“Jake is our hero - funny, courageous, and wickedly clever - and Boutsikaris reads his character with just the right touch. He does a great job portraying the many other players and reads at a good brisk pace that reflects the building tension and action.” Library Journal
“Jason Culp's narration adds edge to this tightly plotted corporate thriller…The gripping story and the deft reading make for a solid listening experience.” Publishers Weekly
“You don't read Colin Harrison, you devour him.” The Philadelphia Enquirer
“His [Narrator Jason Culp] timing...is quite good, and he changes his tone and pitch for different characters, so we never get bored by his delivery.” The Sunday Journal Sentinel
“As sharp and insidery as a Tom Wolfe opus, with the giddyup pacing of an airport-rack paperback.” Men's Journal on Havana Room
“[Harrison is] the class act of the urban thriller. A.” Entertainment Weekly on Havana Room
“A consistently entertaining story . . . [Harrison] is a master of mood and atmosphere.” Michiko Kakutani, The New York Times on Havana Room
“A great read, an elegantly crafted thriller you won't want to put down.” Patrick Anderson, The Washington Post on Havana Room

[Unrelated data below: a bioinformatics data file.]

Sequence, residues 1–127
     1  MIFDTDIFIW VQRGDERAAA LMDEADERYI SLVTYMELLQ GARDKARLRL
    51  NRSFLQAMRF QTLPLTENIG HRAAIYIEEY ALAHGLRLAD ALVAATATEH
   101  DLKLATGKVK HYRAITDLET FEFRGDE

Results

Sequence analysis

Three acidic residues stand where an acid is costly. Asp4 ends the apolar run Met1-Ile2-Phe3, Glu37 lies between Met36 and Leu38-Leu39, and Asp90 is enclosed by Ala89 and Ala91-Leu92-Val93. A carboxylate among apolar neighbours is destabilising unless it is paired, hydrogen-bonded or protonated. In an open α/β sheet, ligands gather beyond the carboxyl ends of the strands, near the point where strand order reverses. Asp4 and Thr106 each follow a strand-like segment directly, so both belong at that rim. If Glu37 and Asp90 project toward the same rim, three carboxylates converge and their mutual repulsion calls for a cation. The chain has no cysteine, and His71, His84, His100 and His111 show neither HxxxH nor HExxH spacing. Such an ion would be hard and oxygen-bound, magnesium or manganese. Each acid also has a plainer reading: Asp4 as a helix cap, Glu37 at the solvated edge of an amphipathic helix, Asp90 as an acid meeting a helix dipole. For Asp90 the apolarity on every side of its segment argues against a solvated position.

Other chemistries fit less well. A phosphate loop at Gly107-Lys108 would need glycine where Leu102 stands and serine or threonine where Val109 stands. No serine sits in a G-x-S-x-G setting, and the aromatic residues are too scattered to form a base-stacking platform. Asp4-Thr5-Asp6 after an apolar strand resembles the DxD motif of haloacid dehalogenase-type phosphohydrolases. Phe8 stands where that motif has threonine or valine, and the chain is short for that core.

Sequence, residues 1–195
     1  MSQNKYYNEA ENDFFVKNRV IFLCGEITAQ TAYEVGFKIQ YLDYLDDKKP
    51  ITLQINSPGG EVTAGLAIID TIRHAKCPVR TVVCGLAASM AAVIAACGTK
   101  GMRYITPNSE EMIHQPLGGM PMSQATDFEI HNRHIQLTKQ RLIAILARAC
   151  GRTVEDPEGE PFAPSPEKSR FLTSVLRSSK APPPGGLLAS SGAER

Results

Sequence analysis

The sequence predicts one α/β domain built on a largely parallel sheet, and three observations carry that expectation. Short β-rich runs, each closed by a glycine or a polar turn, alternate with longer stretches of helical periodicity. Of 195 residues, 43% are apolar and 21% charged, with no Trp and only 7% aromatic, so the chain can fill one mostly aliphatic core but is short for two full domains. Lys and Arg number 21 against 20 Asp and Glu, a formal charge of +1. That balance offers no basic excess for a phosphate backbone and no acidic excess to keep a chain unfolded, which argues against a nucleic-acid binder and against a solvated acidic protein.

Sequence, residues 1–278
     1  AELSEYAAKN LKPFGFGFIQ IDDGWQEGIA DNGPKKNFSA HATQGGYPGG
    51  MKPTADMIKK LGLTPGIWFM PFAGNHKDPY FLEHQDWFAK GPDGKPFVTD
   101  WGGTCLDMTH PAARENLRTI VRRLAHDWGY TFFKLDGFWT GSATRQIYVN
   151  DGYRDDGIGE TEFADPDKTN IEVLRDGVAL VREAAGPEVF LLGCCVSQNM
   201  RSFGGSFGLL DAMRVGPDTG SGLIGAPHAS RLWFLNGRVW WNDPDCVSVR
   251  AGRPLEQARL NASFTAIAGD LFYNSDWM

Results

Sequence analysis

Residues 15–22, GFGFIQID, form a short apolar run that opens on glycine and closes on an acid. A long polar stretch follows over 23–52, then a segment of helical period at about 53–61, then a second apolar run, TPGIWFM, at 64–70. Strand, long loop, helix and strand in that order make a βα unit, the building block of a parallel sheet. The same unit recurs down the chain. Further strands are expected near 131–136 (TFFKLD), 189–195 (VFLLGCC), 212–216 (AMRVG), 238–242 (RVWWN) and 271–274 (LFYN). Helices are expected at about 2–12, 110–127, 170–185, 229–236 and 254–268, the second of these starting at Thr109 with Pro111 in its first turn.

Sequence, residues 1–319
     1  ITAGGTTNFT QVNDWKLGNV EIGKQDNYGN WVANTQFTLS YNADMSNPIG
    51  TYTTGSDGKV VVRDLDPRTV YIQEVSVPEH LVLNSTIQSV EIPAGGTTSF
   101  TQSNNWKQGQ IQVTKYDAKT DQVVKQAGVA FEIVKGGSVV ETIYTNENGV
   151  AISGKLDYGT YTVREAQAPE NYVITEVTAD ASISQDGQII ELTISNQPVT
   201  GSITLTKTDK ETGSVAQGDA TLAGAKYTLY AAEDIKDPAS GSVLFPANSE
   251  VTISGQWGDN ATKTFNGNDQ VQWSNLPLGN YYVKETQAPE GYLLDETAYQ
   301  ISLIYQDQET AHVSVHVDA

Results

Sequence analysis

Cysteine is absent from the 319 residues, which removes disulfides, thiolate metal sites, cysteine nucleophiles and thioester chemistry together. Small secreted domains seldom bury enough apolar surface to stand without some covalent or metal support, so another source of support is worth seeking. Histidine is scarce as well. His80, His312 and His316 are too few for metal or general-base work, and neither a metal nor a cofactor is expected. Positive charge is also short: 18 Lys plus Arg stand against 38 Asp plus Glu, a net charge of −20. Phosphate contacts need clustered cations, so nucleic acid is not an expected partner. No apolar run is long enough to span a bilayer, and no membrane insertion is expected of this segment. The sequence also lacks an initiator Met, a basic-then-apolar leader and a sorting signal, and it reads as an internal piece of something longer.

“A practically perfect literary thriller with a bitter lingering “afterburn” indeed.” Kirkus Reviews on Afterburn
“Extraordinary . . . A masterpiece.” The Washington Post on Afterburn
“Colin Harrison will have you gasping for breath in the eyeball-popping opening chapter of The Finder, his latest New York thriller, one unlikely to be distributed by the Tourism Bureau . . . Once again he's mucking about in the city's greedy underbelly in a pulsating novel that obscenely documents the gritty, ugly intersection of commerce and corruption . . . Harrison (The Havana Room, Afterburn) writes like Rambo on meth and throws in enough black humor to prove he's more brains than brawn.” USA Today
“[Harrison] is an uncommonly astute writer.” The Seattle Times